- Celebrate Failure - In order to create, we must take risks. In order to take risks, we must be willing to fail. Bad ideas may spur great ones. Generate ideas collaboratively with your customers, and give a prize for the worst one.
Say YES and ...
Once we have taken the risk of offering up an idea, we must be willing to accept and build on it.
An improviser who forgets everything else can still perform well, simply by following the "yes, and" rule. If spontaneity is the fuel of creativity, saying "yes, and…" is the engine. It turns impulse into workable solutions. And it builds connection and trust along the way.
To improve your "yes, and-ing" skills:
- Remind yourself and your partners of the rules of brainstorming when generating ideas
- Separate idea generation from idea evaluation
- Quantity over quality
- Record without discussion
- Build on other's ideas
- Explore when and why you say "no" to ideas. Can you work through some of the blocks? Can you negotiate with your supervisors for more leeway? Who has the power to say "yes"? How can you encourage them to do so? Focus on underlying needs rather than specific solutions.
- Pay attention in your non-business contexts. How often do you say "no" there? Why? Say "yes" sometimes, just to see what will happen.
People love stories. That is why they read novels, watch television, go to the theater, and gossip. The appetite for stories in humans is nearly insatiable. So, improvisers work hard to become good storytellers. Stories are more than just entertainment, however. Stories deepen learning, enhance retention of information, and give us a context for all of our daily choices and activities.
- Frame Value - It is our job as salespeople and business owners to link the features and benefits of our products to the needs of our customers. When we are evaluating a new product, service or option, our tendency is to see how it fits into the overall narrative of our lives. Talented sales people weave beautiful stories for us, showing us just how their offerings will lead to happy endings.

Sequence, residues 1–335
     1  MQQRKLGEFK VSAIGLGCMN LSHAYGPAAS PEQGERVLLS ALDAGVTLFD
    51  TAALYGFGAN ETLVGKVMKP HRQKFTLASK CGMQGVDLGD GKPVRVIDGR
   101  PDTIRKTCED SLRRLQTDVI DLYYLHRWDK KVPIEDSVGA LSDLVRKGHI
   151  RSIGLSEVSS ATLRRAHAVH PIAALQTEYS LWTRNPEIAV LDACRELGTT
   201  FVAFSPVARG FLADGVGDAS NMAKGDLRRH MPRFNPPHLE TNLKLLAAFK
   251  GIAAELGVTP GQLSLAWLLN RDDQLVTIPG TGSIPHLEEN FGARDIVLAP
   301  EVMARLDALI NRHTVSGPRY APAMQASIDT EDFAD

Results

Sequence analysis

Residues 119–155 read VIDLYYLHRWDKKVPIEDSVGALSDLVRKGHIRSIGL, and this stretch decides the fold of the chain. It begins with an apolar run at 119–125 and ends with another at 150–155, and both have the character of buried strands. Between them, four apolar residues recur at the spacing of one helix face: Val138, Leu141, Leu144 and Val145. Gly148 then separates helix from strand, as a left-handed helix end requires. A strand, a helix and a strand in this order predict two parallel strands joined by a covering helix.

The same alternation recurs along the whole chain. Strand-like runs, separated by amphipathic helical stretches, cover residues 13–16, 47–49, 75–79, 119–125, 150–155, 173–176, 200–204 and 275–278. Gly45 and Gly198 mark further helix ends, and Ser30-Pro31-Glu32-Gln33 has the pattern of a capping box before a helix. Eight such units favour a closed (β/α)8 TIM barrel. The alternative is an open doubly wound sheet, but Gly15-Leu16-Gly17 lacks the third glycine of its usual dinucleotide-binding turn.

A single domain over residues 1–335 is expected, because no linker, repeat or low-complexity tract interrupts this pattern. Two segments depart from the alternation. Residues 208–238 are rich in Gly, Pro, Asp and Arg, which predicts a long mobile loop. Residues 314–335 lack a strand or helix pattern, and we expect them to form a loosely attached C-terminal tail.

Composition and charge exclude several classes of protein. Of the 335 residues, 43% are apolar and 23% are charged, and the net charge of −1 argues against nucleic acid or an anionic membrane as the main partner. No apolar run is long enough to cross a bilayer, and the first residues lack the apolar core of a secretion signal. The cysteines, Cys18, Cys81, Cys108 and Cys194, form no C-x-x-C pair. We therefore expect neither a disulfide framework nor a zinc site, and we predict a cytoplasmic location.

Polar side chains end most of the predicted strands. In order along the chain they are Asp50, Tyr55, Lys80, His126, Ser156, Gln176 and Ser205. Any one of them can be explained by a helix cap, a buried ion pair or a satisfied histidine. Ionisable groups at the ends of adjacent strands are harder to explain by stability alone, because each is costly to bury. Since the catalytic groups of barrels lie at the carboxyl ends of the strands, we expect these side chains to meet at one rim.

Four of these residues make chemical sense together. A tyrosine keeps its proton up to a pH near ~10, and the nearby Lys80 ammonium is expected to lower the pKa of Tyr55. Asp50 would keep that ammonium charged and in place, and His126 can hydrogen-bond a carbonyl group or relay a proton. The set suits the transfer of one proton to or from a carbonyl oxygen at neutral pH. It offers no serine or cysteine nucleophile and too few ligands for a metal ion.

- Pique interest - No matter how brilliant your information is, if people are not engaged, they will not absorb it. Stories can be used to break the ice and establish credibility and empathy. They can add humor, suspense, and drama. Look for opportunities to tell stories whenever you are presenting.
- Gather information - Stories can provide information about expectations, assumptions, and values. Have your customers share stories about their current situations and concerns.
Selling is an art. Take these tools, then, from the art of improvisation and apply them to your work. Trust yourself, and others will trust you. Take risks and you may discover genius. Work with your clients to develop relationships, and you will expand your range of selling opportunities. And the most important lesson? Have fun along the way.
Aardvark entertainment is committed to being able to provide many options of entertainment and teambuilding workshops. CONTACT US today and book our recommended professional improv comedians to help make your next sales meeting or event a huge success.